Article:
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About nfiler

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    Tenax Sniffer (Open a window!)

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    1/72nd Modern U. S. Military and Firebombers.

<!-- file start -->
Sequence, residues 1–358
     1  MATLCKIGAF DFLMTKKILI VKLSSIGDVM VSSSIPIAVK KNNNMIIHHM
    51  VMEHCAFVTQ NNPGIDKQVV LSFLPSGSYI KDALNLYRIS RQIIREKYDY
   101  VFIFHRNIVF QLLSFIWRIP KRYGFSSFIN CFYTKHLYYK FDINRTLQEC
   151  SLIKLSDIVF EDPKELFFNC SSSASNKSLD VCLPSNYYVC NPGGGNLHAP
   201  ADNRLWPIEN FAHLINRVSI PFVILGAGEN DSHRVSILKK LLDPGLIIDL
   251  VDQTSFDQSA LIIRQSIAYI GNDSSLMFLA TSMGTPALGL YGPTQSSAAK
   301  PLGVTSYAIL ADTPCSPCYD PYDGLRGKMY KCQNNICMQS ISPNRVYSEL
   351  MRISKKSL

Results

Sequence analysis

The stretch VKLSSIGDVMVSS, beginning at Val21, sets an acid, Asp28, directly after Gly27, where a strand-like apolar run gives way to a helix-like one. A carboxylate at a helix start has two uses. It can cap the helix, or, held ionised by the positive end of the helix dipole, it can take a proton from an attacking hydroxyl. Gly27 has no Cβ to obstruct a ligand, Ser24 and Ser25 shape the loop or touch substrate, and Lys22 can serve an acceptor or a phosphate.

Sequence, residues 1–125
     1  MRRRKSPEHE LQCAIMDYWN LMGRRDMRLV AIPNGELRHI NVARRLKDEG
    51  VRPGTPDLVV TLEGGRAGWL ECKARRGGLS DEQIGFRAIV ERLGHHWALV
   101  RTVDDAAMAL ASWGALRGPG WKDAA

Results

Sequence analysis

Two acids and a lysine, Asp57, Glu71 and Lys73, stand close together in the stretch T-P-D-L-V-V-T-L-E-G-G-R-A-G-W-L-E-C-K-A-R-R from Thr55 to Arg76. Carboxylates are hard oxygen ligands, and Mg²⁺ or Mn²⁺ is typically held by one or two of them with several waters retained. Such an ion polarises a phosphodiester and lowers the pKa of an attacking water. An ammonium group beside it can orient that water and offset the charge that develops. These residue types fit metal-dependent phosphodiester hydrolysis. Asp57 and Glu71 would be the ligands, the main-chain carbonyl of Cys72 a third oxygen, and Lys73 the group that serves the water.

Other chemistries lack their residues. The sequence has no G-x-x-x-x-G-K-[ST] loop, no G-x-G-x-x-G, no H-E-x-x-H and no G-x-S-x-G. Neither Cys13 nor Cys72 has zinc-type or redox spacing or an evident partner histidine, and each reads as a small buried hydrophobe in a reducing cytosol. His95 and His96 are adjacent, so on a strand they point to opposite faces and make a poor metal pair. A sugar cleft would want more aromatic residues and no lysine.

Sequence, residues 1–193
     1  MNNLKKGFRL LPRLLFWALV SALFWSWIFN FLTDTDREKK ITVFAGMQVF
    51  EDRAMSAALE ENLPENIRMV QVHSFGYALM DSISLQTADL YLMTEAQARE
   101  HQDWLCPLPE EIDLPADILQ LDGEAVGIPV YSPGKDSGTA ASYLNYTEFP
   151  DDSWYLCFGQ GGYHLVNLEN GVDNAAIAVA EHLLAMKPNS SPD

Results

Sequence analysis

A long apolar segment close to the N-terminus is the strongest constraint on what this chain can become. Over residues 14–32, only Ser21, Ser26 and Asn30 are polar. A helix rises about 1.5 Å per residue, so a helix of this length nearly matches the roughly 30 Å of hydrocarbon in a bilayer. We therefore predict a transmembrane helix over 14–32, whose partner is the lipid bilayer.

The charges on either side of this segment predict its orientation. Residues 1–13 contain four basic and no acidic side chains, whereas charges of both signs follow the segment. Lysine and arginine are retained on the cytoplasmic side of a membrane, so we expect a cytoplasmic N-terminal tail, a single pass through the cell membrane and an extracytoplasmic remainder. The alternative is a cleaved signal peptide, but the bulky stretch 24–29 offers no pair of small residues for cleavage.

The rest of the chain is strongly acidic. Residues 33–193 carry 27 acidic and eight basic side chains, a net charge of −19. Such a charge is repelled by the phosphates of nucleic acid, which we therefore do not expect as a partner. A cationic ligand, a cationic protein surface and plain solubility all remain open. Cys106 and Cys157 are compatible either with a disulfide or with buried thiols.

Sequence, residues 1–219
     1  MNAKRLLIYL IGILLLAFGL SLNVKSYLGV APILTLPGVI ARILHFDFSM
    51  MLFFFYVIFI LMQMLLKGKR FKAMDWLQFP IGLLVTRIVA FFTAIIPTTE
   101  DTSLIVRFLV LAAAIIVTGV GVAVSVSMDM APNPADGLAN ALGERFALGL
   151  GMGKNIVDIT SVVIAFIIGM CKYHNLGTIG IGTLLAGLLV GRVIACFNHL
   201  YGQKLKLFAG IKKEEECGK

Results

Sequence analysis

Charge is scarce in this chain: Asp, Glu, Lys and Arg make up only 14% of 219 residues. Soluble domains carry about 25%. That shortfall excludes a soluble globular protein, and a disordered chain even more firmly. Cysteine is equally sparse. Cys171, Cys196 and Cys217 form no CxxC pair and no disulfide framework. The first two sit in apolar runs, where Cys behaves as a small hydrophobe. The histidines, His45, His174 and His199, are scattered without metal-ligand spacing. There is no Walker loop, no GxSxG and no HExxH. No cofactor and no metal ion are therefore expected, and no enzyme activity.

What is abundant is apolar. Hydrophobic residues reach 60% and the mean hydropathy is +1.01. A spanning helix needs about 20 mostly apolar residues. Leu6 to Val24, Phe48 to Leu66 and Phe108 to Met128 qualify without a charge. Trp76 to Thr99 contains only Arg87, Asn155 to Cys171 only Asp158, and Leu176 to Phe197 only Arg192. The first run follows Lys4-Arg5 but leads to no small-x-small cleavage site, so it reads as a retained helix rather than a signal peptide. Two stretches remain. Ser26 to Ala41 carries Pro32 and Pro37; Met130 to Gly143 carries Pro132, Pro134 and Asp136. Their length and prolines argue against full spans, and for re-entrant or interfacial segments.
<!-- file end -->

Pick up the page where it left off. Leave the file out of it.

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  1. Jabow, I had to dig out some old (very) references to figure it all out. The initial title of the T-Bird was of course TP-80C "The armament was reduced to two Browning M3 .50 caliber machine guns with 300 rounds per gun installed in the lower nose bay, with a K-14 gun sight mounted upon the instrument shroud in the front cockpit." Since almost all of the T-33s initially went to Air Training Command, the guns quickly disappeared I suspect. And when they eventually were transferred to all kinds of other duties unless there was a very specific need to reinstall the guns I suspect most never saw the guns again. At one time there were some AT-33s with guns installed, but again only two. The photo above is a very early bird. In fact is the 111th one built. If you look close there are no headrests on the seats which sez no ejection seats. Both the ejection seats and the bigger center- of- the- wing tip tanks showed up rather quickly. The T-Bird shared a common wing with the F-80 and it looks to me like F-80s converted from the bottom of the wing tip about early 1952. I suspect the T-33s would have been updated at the same time.